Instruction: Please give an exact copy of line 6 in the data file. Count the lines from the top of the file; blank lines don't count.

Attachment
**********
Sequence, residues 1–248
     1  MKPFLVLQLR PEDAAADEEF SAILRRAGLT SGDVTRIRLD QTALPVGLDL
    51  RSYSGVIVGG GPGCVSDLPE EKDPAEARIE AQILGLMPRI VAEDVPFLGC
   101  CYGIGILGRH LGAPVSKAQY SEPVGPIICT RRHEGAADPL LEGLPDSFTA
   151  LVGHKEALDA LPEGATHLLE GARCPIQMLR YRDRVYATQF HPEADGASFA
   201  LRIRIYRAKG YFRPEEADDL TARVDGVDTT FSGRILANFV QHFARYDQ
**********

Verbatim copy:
   201  LRIRIYRAKG YFRPEEADDL TARVDGVDTT FSGRILANFV QHFARYDQ